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Positive Impact Lives On

UM student Tommy Tosh helping others 20 years after tragic death

Tommy Tosh (left) and two of his best friends, Jason Bailey (middle) and Jonathan Walker (right) are pictured in the Grove prior to the Arkansas State - Ole Miss football game on Sept. 11, 1999.

This month, Tommy Tosh’s family and friends in Oxford, Mississippi, and throughout the country will mark the 20th anniversary of the young man’s untimely death.

Tommy Tosh

Tosh, a University of Mississippi senior and dedicated Rebel fan, died Sept. 29, 2001, from injuries he suffered in a car wreck near Nashville, Tennessee. He and some friends were involved in what was determined to be an unavoidable accident as they drove to Lexington, Kentucky, for the Ole Miss Rebels and Kentucky Wildcats football game.

Oxford native, 21-year-old Tosh touched the lives of hundreds of local community members and Ole Miss alumni and continues to have a positive impact.

Through the generosity of his family and friends, Tosh’s joyous spirit lives on through the Tommy Tosh Memorial Scholarship at Ole Miss. As a way to celebrate his life, honor his memory, promote his supportive attitude toward others and cherish his kind nature, the scholarship was established in 2004.

Over the years, the scholarship endowment has grown, providing more assistance to more students. It now offers $5,000 a year for four years to four students at any given time.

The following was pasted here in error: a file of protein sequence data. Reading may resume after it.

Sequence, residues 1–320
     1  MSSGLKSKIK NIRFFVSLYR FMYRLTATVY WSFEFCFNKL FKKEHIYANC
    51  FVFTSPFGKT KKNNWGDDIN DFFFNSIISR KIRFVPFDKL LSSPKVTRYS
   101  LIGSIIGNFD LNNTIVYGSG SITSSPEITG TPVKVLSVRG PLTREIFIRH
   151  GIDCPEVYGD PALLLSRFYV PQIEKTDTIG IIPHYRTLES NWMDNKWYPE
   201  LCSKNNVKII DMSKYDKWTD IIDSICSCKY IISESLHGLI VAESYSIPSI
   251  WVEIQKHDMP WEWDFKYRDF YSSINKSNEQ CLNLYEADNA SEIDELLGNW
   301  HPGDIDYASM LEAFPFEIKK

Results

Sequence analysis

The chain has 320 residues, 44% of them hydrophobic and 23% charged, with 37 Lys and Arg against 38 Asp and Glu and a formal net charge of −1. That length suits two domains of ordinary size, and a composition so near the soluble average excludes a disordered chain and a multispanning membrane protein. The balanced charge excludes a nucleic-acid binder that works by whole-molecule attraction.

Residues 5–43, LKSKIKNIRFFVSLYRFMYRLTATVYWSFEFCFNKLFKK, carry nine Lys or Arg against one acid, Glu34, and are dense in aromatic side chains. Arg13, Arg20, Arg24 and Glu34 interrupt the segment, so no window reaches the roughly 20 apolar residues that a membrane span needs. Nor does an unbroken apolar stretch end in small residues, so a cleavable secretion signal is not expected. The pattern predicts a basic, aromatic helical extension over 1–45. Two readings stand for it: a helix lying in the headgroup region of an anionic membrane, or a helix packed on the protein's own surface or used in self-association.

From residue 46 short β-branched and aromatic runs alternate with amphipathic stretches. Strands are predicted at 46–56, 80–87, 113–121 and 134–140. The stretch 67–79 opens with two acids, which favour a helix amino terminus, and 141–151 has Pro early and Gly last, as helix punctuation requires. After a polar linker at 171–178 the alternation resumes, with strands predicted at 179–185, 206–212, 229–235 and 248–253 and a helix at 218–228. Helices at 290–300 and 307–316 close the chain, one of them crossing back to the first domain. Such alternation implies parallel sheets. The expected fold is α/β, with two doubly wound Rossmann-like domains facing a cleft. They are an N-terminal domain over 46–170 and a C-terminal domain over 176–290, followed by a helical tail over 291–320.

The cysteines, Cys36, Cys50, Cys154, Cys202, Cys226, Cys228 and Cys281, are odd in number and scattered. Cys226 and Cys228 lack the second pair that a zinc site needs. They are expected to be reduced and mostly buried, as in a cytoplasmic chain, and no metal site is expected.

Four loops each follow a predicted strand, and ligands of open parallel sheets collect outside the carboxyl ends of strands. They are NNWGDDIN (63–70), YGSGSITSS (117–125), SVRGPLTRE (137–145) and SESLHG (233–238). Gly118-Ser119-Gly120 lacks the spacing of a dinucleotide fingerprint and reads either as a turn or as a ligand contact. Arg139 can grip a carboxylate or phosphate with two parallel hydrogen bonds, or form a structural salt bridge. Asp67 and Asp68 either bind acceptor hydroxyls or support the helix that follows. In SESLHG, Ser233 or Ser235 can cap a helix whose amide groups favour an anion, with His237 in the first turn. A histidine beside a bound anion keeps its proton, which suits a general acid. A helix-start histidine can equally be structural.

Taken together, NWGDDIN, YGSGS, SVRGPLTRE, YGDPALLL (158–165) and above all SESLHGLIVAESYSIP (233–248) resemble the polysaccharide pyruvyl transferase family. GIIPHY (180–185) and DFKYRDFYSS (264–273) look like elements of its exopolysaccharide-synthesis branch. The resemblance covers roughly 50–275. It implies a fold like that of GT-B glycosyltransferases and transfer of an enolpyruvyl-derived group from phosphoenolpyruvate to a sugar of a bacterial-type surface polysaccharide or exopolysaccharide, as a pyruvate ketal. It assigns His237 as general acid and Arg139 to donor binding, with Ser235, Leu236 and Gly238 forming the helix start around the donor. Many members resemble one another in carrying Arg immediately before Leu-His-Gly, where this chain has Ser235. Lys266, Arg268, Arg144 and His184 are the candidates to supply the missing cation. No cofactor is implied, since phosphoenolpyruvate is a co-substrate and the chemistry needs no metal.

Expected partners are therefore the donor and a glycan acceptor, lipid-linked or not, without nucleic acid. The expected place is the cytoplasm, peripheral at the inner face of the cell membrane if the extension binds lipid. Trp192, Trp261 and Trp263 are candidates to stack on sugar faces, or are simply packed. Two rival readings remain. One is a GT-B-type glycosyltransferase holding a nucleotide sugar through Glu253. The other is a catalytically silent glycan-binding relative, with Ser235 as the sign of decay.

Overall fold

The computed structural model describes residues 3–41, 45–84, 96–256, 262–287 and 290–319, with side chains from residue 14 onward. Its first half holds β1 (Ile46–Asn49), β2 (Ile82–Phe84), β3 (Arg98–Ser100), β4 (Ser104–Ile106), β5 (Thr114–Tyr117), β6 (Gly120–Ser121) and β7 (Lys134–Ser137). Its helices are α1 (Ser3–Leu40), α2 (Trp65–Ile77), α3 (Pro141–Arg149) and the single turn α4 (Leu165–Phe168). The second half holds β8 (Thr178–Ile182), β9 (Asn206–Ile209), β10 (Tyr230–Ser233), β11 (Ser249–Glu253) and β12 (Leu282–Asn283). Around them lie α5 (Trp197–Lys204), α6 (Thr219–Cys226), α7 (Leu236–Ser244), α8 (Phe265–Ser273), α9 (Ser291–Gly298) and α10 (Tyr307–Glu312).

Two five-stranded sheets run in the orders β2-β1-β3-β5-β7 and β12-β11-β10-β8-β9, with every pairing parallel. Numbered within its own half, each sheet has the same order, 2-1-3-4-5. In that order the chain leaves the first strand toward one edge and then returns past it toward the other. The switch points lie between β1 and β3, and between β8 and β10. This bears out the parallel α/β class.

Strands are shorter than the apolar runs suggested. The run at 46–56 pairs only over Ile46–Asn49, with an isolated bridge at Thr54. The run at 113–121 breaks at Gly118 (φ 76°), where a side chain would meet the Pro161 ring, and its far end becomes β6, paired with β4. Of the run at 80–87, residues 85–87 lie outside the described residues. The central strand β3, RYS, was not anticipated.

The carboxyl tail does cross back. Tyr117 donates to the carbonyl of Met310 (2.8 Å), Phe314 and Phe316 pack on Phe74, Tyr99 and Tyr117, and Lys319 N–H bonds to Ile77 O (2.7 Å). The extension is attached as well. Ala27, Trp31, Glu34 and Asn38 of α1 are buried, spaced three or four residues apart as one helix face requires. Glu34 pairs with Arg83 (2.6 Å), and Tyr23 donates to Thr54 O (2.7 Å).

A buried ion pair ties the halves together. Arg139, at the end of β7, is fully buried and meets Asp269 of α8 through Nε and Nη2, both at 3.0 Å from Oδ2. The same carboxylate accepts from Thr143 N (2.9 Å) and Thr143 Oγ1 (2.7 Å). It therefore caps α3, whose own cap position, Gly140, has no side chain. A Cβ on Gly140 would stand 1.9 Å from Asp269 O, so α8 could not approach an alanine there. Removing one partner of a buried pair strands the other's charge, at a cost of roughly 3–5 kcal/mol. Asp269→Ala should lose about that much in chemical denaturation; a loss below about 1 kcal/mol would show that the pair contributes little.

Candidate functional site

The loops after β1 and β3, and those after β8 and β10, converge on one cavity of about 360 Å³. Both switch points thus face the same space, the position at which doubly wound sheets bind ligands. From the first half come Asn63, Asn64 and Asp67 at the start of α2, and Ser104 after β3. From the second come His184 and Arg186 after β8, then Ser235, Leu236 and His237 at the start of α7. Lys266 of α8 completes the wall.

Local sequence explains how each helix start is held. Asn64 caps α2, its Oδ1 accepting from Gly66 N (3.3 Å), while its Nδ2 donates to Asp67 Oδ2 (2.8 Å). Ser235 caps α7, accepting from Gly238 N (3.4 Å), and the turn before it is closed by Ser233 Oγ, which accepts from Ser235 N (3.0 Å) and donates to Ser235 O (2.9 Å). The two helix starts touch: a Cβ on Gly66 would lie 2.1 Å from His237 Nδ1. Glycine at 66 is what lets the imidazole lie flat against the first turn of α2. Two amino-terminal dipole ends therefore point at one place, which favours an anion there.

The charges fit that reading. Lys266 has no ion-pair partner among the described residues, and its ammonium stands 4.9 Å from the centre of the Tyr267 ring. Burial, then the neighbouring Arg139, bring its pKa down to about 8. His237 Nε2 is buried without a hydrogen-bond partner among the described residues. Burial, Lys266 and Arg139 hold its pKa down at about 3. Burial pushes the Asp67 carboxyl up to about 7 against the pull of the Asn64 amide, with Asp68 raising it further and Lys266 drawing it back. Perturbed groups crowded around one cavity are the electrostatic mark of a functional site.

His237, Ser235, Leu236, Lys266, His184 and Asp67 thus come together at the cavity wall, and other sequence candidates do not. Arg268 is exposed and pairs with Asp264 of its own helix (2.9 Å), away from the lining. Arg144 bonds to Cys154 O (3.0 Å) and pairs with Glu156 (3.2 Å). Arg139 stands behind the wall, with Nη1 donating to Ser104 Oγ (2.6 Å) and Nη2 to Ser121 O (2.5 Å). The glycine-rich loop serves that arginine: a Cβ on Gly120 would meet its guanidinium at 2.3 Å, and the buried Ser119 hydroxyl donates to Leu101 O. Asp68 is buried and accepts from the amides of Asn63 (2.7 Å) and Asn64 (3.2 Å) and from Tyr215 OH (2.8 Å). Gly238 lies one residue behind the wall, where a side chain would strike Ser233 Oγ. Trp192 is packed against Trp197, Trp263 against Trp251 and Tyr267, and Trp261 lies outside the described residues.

The scholarship’s goal remains the same: to assist Oxford High School graduates who are passionate about the community and Ole Miss.

Kyle Gordon was only seven months old when Tosh died. Now, this Tommy Tosh Scholar and junior in UM’s School of Applied Sciences is learning the skills he needs to help others.

“I’ve wanted to become a speech-language pathologist since my freshman year at Oxford High, and Ole Miss is providing me with a high-quality education and a supportive community that is encouraging me along the way,” Gordon said.

Kyle Gordon

Majoring in communication sciences and disorders and minoring in education, Gordon wants to assist those who have speech, language or hearing disabilities.

“As a recipient of the Tommy Tosh Memorial Scholarship, I’ve been given the opportunity to attend the college in my hometown that I absolutely fell in love with at an early age,” he said.

“I want to thank the late Mr. Tosh, and his family, friends and supporters who created this scholarship. I hope they know how much I appreciate all they have done to provide me and so many others with the opportunity to obtain an education and provide us with a path to a rewarding career.”